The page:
Star Men?

Its difficult to pick a star man out of the side. It was just a good all round side. The defence, I've got to say, ably captained by Barry Swallow, was formidable and stayed together for 4 seasonsand another promotion, a unique achievement in City's history. For many years, some would put forward Swallow as City's best ever captain. To this day, his playing colleagues sing his praises as a player and captain.

Behind them, a young Ron Hillyard made the keeper's jersey his own. His City career was soon behind him, but a long and extremely successful lower league career tells its own story.

Upfront, Paul Aimson took his place in City folklore, again, many would rate him as one of the best ever strikers to play for City.

With the likes of Dick Hewitt and Albert Johanneson in midfield, not forgetting Phil Boyer who left in mid season, it was an all round talented side.

Unsung Hero #1 - Dick Hewitt

Dick Hewitt made 43 appearances during the 1970/71 season, as City secured promotion from the old Division 4 under Tom Johnston when the South Elmsall-born inside-forward also netted four times.

He left for Scarborough two seasons before Johnston’s team went on to make history by reaching the second tier, but both Topping and Crawford believe Hewitt could have made the step up in grade with them if he had been handed the opportunity.

He left for Scarborough two seasons before Johnston’s team went on to make history by reaching the second tier, but both Topping and Crawford believe Hewitt could have made the step up in grade with them if he had been handed the opportunity.

Topping, who is third in the Minstermen’s all-time appearance list, said: “Dick had a lovely left foot and, although he didn’t head the ball too much because he was quite slight, he also took good free kicks and corners. He was part of the Tom Johnston jigsaw because, even though Tom couldn’t coach to save his life, he knew how to put teams together and Dick slotted in nicely on that left side. He was also from a hard-working area and that was reflected in the way he trained and played. He always got a good sweat on and he was skilful enough to play in the second division. I’m sure him and Phil Burrows would have both been good down that wing if they hadn’t left before. As a person, Dick was quiet and a very nice, unassuming person. I’m sure he was a very good parent, because he was very calm.”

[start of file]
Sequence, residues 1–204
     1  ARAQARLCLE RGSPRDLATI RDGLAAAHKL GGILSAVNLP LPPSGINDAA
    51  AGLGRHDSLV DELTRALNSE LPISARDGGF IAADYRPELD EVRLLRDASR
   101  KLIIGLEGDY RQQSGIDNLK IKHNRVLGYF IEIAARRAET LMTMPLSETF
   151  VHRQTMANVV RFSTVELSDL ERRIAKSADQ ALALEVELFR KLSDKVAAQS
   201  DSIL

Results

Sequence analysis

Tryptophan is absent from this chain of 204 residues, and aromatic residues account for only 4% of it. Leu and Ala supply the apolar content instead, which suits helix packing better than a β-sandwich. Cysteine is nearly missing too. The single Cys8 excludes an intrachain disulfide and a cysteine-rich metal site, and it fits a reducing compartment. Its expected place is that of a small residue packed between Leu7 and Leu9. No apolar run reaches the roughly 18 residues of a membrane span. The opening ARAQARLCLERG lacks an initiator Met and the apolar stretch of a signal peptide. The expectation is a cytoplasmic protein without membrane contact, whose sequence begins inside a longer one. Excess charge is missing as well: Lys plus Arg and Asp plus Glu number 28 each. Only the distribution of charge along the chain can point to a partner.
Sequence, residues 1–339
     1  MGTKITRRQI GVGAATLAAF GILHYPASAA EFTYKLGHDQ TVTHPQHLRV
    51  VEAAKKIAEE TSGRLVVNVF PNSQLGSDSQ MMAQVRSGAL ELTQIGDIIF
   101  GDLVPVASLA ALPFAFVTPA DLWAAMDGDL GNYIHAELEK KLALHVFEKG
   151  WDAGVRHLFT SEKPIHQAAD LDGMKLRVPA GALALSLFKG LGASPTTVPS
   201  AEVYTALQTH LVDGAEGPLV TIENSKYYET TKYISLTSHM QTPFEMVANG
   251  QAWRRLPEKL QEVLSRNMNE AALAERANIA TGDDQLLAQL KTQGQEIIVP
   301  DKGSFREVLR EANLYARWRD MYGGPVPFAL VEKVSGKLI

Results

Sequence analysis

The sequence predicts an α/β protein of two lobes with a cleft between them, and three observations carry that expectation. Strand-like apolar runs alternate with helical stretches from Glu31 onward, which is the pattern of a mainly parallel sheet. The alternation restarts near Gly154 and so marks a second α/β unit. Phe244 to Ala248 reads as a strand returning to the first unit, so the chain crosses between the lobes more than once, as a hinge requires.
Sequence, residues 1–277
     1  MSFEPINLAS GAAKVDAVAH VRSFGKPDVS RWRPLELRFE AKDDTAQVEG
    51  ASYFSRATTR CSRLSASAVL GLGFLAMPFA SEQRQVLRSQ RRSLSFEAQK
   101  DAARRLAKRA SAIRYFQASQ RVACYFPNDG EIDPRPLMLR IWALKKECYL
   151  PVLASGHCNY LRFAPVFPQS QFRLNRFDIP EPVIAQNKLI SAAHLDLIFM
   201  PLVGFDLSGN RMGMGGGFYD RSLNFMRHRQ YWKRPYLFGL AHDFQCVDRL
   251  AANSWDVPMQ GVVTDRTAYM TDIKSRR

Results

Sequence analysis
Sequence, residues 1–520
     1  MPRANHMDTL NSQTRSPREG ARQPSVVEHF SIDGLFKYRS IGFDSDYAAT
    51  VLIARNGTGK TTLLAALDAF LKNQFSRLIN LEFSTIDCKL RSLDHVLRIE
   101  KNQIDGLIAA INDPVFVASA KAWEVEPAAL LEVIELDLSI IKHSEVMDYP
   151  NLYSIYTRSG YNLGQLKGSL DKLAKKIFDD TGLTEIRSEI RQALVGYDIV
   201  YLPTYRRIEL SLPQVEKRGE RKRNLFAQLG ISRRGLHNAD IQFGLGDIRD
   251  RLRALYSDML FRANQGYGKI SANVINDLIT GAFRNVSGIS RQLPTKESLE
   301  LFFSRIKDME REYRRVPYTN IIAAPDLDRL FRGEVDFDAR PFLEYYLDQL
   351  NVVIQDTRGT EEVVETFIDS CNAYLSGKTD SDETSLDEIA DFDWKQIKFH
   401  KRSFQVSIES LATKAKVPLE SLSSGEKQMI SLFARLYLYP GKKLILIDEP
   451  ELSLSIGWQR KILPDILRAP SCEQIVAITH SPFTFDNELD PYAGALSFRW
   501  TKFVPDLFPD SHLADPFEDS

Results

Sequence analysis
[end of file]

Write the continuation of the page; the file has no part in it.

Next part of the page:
Crawford, meanwhile, revealed that it was Hewitt’s affable personality that played a major part in the then Sheffield United keeper’s decision to make his loan switch to Bootham Crescent a permanent move.

The Scotsman would go on to become one of the most highest-rated net-minders in City’s history, equalling a Football League record when he kept 11 consecutive clean sheets in the old third division.

Had it not been for Hewitt, though, Crawford’s stay in North Yorkshire might not have lasted beyond the initial month agreed. He revealed, “I used to travel in from Sheffield with Dick and Paul Maloney, who were also based in South Yorkshire and Dick was influential in getting me to come to York, because he was so friendly and helpful. Sometimes, when you go out on loan, it can feel strange, but I always had a laugh and a joke with Dick and he helped me settle in. Football wise, he had a great touch and could always put a good ball in. He was exceptionally skilful. He could do something different for the team and his end product was always good. He could have made that step up to the second division, because he had lots of ability.”

Hewitt also played for the England Boys Clubs’ XI against Scotland, Wales and Ireland and, after moving from first-club Huddersfield where he didn’t make the breakthrough at first-team level, he made a name for himself at Bradford City and Barnsley, who sold him to the Minstermen for £400.

After leaving City, he went on to play for Scarborough in two FA Trophy finals at the old Wembley stadium, beating Wigan 2-1 in the 1973 semi-final.

He later ran the Seadogs’ reserve team and worked as a telephone engineer before running the Duchess pub in Scarborough until his retirement in 1999.

What Came Next?

Tom Johnston continued his steady building. The next 2 campaigns ended on goal average survival before Johnston took City up into Division 2. To this day, the only manager to have taken City to 2 promotions.

This promotion marked the start of 6 consecutive seasons above Division 4, so far, the longest spell we've ever spent playing higher grade football.

Also see:

City Pics 1970/1 thanks to York Press

Tom Johnston

Season 70/1 (Promotion #1) - Review

Season 73/4 (Promotion #2) - Review

Season 74/5 (Division 2) - Review